Facebook photo
David Daleiden

Until now, Planned Parenthood has left legal action against CMP to others.
“Today, Planned Parenthood is going on the offense,” Kathy Kneer, president of Planned Parenthood Affiliates of California said in a call with reporters.
Planned Parenthood did not respond to WORLD’s request for access to the press call.
The lawsuit is not unexpected, and Daleiden does not seem particularly worried about it.
“GAME ON, PLANNED PARENTHOOD!!! I look forward to taking your depositions,” Daleiden said in a CMP Twitter post.
In a longer statement, Daleiden noted the CMP videos did their job by getting lawmakers and the American public to think about Planned Parenthood’s public funding sources, which make up about 50 percent of its budget.
“Now they are filing a frivolous lawsuit in retaliation for CMP’s First Amendment investigative journalism that has done nothing more than tell the truth about Planned Parenthood’s lawless operations,” Daleiden said. “This last-ditch move of desperation is going to expose all of the sordid dealings of the California Planned Parenthood affiliates to the light of the legal system, and the public will see them for the corrupt abortion and baby body-parts profiteers that they really are.”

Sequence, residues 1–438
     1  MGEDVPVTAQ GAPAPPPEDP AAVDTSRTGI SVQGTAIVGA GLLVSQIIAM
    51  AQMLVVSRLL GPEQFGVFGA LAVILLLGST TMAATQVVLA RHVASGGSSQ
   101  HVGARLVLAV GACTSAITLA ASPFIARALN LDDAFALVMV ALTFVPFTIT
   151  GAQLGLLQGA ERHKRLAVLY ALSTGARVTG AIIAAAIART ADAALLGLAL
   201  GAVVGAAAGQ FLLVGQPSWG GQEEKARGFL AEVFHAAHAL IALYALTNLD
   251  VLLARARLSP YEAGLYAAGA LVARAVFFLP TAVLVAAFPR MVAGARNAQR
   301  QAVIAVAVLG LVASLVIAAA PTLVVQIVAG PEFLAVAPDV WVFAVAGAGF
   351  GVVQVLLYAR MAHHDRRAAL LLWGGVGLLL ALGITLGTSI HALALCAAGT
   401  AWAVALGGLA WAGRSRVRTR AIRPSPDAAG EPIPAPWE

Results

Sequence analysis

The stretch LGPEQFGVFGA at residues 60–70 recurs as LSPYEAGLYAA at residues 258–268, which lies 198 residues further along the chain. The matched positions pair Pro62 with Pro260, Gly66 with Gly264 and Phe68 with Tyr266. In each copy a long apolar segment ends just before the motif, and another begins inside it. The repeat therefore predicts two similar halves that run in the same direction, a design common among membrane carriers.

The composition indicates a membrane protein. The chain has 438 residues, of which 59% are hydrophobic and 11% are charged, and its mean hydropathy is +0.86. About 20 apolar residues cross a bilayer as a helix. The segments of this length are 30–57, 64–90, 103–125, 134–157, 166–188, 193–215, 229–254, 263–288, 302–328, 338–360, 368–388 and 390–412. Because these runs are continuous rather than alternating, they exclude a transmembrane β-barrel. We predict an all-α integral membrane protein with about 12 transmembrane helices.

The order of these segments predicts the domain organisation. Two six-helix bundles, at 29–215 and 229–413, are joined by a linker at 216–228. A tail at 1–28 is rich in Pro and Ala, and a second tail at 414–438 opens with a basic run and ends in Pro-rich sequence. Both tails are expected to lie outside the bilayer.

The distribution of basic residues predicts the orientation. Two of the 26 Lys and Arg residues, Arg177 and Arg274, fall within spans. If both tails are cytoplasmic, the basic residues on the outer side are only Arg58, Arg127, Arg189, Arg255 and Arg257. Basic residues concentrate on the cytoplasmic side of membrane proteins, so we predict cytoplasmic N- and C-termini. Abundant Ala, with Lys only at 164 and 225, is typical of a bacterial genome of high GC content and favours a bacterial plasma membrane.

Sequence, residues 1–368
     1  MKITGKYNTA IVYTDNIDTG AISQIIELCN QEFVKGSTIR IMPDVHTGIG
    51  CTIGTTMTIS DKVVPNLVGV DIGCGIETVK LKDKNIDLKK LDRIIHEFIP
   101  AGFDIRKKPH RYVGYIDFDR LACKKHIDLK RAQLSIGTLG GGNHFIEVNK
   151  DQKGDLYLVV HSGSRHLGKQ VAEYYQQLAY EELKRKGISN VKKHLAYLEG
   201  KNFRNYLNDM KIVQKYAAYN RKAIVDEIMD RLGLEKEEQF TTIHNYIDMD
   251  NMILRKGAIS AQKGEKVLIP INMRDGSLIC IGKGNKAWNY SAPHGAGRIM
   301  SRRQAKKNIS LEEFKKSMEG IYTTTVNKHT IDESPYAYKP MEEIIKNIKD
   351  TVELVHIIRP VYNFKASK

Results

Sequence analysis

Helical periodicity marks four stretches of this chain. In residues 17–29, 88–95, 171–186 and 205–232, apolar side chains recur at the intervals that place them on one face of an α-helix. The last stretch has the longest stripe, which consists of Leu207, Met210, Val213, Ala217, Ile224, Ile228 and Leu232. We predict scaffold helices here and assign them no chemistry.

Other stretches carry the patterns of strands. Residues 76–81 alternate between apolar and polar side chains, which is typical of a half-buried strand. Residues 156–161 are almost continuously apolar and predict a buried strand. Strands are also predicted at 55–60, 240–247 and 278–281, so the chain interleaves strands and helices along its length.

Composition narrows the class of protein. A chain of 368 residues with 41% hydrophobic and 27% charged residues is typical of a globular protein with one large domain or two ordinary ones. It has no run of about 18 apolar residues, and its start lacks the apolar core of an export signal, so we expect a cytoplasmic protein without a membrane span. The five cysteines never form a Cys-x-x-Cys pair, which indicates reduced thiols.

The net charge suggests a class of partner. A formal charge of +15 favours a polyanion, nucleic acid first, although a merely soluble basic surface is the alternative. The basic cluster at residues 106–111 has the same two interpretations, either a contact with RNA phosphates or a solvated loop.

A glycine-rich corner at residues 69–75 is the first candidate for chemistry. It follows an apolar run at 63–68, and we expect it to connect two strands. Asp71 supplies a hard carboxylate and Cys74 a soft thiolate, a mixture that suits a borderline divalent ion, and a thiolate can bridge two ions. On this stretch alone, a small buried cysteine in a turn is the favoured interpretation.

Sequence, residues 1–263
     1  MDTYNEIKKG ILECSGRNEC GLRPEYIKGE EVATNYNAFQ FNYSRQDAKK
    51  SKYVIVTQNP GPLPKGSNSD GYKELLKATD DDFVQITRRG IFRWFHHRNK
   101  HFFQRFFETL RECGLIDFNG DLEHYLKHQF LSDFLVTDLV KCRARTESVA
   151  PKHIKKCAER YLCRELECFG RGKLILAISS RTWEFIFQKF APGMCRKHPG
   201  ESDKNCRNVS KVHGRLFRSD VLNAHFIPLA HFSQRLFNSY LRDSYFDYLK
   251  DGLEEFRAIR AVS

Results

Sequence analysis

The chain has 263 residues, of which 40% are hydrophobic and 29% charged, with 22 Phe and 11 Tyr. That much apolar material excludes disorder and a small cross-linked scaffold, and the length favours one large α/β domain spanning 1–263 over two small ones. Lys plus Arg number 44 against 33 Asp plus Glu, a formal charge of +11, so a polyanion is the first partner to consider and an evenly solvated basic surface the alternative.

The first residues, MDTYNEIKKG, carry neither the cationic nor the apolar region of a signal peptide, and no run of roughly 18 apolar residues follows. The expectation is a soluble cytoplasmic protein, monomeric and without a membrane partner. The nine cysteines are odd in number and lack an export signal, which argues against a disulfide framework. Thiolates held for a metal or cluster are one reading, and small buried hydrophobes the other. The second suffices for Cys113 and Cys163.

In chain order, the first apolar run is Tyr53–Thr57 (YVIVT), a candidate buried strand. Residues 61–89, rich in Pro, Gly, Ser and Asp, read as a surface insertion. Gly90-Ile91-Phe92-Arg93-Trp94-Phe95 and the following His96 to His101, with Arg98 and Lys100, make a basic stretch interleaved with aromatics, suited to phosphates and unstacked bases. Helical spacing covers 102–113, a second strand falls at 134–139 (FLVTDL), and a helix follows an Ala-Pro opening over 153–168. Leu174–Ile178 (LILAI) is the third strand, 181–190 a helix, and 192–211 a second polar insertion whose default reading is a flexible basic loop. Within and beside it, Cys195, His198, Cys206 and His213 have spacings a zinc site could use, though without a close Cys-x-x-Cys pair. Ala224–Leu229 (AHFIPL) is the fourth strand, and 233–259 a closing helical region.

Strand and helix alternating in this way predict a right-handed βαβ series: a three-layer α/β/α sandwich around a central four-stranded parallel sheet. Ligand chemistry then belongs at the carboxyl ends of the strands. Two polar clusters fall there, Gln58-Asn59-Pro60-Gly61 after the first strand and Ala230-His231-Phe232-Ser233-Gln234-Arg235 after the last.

In its suit, Planned Parenthood claims the videos gave millions of people the false impression of its work by claiming it “violated the law and acted improperly.” But the bigger concern seems to be over a potential loss of funding at the state level. The suit names 10 states that conducted investigations into the abortion giant’s practices and ultimately cleared them of wrongdoing. But efforts to revoke federal funding managed at the state level are ongoing elsewhere and could put a dent in the organization’s revenue.